Interchurch Center

Tabletop Exercise Helps Participants Look beyond the Obvious

 

The Interchurch Center, located since 1960 in uptown Manhattan overlooking the Hudson River, has stood as a visible symbol of the oneness of many churches in Christ and reflective of the inspiring growth of ecumenism and inter-religious activity in the United States in the past century. The Center, which has had a business continuity plan since 1999, is one of many organizations in New York City that made changes to their plans since 9/11.

“We had never fully tested our plan,” said Sue Dennis, Interchurch Center executive director, “and we saw a need for more than the theoretical training we had done in the past. Attainium’s Disaster Experience came highly recommended by BOMA NY and by our property manager, who had participated in a similar exercise Attainium did for BOMA in Toronto. He said it was one of the best things he’d ever done.”

“The Disaster Experience is designed to stress the importance of planning for disruptions by putting participants in the throes of a real-life disaster situation as it unfolds,” said Bob Mellinger, Attainium CEO and president. “Participants are called upon to make the critical decisions any organization will have to make - and deal with the consequences of those decisions. We customize the exercise to the specific situation of the various participants.”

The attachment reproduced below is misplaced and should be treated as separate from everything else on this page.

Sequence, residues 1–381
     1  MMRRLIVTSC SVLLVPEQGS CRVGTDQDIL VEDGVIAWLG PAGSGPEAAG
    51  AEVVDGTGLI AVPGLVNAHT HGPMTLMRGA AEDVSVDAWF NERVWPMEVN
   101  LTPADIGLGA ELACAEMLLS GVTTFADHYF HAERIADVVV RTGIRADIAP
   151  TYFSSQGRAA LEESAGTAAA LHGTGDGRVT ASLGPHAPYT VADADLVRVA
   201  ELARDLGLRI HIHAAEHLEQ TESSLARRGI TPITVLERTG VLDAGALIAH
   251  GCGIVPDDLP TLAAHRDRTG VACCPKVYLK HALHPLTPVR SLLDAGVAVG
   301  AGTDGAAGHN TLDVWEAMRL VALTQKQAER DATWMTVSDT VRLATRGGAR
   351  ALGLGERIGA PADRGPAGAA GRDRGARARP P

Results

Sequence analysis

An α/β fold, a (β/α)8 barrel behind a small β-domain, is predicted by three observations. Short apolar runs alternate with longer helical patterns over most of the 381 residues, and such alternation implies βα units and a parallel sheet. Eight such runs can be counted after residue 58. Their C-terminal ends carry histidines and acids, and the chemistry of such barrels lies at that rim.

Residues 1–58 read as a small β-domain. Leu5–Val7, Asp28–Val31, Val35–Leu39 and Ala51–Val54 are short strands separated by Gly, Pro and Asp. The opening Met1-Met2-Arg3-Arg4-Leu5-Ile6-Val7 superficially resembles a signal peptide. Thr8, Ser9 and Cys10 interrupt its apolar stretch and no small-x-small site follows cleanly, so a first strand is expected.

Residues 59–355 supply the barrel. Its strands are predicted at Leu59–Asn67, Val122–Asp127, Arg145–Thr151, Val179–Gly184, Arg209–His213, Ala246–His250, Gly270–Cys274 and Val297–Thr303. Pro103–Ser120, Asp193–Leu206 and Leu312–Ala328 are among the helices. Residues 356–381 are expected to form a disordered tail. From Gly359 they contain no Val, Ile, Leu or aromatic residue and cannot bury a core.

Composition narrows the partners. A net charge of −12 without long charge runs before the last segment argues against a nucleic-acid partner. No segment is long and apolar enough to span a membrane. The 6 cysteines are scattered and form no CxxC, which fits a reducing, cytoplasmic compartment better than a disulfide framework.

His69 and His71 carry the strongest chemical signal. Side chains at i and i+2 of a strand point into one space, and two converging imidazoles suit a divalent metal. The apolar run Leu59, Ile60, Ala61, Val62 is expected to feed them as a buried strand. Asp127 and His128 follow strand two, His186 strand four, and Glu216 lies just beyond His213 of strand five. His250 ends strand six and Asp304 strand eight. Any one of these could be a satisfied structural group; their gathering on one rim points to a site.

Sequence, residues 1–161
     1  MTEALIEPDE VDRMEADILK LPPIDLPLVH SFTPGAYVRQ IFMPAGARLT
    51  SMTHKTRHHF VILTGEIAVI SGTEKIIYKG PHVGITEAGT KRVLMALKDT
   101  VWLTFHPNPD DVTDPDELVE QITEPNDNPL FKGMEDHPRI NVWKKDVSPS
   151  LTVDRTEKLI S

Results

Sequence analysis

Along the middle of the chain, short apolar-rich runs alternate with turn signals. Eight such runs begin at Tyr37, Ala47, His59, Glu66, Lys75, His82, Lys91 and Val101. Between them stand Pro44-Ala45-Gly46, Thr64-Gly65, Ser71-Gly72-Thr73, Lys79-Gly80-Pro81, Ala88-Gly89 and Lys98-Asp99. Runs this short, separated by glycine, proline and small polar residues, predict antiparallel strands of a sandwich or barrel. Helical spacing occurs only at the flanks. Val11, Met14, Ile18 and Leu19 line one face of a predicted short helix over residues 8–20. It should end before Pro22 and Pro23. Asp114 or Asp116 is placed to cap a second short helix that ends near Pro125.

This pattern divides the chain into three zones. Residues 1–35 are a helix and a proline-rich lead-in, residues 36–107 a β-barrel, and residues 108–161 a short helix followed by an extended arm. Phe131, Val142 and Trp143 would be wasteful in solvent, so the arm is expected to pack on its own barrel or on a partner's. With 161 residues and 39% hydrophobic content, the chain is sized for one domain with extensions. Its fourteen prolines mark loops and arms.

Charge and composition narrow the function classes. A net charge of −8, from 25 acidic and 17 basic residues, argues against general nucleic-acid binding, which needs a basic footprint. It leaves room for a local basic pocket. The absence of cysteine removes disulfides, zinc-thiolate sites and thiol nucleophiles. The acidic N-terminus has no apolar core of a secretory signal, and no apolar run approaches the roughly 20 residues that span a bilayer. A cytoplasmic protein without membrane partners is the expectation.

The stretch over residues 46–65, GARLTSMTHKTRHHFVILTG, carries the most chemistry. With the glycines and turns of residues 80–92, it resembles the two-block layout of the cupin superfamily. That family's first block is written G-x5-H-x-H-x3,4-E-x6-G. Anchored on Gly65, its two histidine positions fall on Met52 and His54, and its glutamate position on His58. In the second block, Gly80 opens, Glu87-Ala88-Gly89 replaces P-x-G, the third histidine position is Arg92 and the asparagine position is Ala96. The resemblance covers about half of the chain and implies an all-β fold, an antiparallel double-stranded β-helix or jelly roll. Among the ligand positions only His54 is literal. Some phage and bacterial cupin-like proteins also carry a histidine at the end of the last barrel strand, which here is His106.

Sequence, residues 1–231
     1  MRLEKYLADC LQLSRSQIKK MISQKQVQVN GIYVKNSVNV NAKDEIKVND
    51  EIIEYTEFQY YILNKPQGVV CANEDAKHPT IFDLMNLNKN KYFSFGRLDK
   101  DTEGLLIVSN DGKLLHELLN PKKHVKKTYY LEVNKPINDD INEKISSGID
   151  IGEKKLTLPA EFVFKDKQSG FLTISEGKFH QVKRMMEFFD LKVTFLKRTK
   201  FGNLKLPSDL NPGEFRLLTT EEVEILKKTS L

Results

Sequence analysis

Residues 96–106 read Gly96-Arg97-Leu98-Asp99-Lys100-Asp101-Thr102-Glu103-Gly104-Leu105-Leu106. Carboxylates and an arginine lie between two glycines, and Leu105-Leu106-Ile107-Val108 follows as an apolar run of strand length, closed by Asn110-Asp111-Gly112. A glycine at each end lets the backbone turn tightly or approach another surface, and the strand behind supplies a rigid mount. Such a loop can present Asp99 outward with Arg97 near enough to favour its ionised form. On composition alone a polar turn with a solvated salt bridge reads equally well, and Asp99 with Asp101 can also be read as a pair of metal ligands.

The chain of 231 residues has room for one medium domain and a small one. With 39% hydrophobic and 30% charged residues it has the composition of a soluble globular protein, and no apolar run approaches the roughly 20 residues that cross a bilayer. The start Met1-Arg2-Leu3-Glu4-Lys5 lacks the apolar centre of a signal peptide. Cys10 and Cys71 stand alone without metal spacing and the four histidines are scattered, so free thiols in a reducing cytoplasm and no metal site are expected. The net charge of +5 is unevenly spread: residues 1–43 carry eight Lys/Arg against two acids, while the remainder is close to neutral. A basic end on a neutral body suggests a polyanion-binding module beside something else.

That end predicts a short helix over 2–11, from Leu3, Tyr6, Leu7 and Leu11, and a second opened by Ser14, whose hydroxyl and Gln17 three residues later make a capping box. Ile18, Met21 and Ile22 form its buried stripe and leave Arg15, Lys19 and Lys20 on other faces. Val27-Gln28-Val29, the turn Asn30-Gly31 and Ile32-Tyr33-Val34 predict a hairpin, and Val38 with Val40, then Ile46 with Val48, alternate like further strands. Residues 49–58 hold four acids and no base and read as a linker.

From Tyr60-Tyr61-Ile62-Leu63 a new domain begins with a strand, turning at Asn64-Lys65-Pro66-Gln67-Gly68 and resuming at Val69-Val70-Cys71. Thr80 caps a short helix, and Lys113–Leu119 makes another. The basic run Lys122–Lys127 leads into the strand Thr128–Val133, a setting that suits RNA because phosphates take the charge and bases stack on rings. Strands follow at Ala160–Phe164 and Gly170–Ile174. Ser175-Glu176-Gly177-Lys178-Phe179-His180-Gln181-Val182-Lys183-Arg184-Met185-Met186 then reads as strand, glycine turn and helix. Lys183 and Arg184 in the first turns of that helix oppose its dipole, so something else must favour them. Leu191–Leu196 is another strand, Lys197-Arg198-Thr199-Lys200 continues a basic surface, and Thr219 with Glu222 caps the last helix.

Interchurch invited a number of outside groups to its training session, including the Morningside Area Alliance, Barnard College, and Grubb & Ellis. The Center’s own medical, security and engineering staffs also participated, making a total of close to 60 participants.

Bart McDade, Director of Operations for Grubb & Ellis, who attended the session, said that most of the participants quickly got the impression that what they were seeing as the simulation unfolded “might not be what the problem really was. They learned they had to dig a bit deeper to find the real problem so they didn’t react too soon and make things worse.”

“The exercise helped identify the strengths and weaknesses of our response plans,” Dennis said. “For example, our medical staff became acutely aware of some additional needs when a mercury spill became part of the problem. In addition, we became aware of some vulnerable times for our particular building that we have been working to correct.

“The staff liked the team approach, and I thought the most effective plans came from the groups that worked as teams. My staff split up and participated in various groups where they were able to benefit from the perspectives of people from other environments and disciplines,” Dennis said. “The results were interesting as people evaluated themselves and different people took different approaches. Everyone felt it was very valuable.”

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